The Center for Human Nature, Artificial Intelligence, and Neuroscience (CHAIN) is pleased to announce their 7th academic seminar as follows. Artificial Intelligence (AI) is nowadays capable of coming up with creative and inventive outputs that until not long ago just human beings were capable to produce. Music, literature and art are already being created by computers and machines. Can these outputs be protected by copyright and patent laws? If they are protectable, who should be deemed the owner of the resulting copyright and patent?
Intelligence in this "clean room" environment can be defined with respect to accumulated systematic methods of reasoning. So a logic proof system can be defined to be more efficient at solving a mathematical task than a comparable human. The more civilization transitions into a virtualized world, the more likely humans will find synthetic minds that are'more intelligent'. Classical definitions of computation tend to favor sequential processes. A consequence is that more natural parallel processes such as evolution tend to be ignored.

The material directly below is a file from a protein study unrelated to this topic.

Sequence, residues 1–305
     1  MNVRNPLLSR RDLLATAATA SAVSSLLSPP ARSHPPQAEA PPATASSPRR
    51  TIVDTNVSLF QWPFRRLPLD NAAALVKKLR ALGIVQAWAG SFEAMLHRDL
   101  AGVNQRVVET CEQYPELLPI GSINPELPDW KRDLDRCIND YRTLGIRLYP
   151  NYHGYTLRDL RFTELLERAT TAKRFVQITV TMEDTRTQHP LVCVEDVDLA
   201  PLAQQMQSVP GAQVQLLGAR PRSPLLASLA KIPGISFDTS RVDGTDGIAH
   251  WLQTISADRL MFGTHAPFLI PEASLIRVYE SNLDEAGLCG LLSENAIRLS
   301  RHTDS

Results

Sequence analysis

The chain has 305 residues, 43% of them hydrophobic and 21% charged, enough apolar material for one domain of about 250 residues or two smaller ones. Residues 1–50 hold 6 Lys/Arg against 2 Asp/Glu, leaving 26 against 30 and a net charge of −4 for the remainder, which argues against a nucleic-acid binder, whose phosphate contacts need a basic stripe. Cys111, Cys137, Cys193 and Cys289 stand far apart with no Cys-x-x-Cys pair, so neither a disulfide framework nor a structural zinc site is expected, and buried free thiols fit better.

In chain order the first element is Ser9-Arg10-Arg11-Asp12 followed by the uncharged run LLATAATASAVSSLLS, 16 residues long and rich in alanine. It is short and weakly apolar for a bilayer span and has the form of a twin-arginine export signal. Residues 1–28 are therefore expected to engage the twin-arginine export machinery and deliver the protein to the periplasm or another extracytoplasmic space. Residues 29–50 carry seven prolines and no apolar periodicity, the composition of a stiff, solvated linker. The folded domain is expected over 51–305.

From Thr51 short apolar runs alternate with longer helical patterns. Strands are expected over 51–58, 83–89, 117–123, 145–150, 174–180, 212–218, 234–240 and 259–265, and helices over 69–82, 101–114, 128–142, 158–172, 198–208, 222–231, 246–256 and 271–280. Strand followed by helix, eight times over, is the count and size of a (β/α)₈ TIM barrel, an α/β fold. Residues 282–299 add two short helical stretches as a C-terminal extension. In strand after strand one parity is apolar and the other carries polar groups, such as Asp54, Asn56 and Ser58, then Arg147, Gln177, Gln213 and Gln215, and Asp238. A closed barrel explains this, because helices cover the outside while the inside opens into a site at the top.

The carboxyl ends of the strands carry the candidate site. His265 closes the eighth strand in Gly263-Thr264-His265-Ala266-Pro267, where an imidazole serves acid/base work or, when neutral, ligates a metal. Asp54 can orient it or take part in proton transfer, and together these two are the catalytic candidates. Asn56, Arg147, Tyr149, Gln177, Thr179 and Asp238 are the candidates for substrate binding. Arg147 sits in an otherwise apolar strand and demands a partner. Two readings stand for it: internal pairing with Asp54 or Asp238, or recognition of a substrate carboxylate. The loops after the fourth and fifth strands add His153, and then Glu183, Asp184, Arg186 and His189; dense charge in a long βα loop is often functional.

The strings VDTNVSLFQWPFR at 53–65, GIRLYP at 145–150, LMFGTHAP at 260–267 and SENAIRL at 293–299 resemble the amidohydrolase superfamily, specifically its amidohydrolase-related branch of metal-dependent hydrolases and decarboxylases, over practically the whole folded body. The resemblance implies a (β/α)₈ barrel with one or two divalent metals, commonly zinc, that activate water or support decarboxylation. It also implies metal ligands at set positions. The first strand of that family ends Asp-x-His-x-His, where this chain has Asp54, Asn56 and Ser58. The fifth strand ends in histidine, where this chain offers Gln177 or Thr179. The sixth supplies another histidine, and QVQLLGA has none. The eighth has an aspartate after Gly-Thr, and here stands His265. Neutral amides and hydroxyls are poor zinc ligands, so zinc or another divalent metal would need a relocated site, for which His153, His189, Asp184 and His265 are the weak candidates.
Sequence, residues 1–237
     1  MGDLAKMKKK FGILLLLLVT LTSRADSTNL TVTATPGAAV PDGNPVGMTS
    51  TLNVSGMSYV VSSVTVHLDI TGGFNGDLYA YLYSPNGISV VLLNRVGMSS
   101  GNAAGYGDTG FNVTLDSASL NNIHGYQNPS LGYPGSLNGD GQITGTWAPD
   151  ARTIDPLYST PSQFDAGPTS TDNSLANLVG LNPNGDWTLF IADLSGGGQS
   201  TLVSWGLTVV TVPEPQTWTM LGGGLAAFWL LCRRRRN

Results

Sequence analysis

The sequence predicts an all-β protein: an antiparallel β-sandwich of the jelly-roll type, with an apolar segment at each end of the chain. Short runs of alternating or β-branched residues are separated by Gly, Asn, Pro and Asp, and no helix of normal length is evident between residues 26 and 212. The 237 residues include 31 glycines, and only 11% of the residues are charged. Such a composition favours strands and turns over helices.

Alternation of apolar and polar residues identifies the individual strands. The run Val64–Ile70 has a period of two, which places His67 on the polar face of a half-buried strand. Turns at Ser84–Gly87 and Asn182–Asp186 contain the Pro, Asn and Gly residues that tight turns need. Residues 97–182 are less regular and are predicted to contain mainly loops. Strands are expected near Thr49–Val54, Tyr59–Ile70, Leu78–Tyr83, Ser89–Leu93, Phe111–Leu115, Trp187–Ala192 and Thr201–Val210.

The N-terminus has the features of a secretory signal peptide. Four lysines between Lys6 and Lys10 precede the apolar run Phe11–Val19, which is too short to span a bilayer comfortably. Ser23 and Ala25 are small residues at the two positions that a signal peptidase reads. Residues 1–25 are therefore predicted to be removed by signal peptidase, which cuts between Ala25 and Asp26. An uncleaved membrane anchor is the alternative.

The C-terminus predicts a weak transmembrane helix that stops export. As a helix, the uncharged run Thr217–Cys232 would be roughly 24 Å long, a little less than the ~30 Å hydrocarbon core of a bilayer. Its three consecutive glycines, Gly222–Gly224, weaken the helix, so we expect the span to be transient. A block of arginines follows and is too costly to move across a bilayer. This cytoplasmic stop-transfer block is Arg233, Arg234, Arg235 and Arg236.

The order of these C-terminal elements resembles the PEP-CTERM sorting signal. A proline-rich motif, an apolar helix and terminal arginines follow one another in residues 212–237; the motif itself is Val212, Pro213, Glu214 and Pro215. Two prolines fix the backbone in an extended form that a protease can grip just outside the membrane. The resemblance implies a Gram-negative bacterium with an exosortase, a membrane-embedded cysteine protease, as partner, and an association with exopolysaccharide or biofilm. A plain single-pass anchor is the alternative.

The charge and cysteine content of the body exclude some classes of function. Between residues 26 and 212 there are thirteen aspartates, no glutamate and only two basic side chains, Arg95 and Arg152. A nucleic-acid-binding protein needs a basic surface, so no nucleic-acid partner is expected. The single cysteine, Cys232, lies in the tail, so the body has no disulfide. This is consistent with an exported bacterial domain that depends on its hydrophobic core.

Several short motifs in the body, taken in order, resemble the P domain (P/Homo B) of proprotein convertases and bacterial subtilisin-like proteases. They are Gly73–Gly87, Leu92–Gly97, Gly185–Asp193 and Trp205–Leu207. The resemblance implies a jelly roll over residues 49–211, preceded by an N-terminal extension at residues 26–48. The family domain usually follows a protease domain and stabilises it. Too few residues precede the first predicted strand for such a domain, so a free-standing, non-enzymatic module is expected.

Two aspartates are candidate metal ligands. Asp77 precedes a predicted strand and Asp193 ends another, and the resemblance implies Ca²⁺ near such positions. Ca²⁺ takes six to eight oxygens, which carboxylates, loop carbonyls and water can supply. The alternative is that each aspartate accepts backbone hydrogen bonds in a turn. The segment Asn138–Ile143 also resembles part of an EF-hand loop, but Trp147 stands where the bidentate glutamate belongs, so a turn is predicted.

The Naval Academy and the Naval Institute will host a one-day conference titled "The Promise and Risk of the AI Revolution" Tuesday, Oct. 22, from 8:55 a.m.-3:10 p.m. in Alumni Hall. The conference is free and open to the public. Government, military, academic and industry leaders will gather to discuss the potential opportunities and dangers of advancing artificial intelligence (AI) in both military and civil capacities. Speakers will discuss the difference between the hype and reality of AI as well as ethical implications of its use. On-site registration is available upon arrival; breakfast and lunch will be provided to registered participants.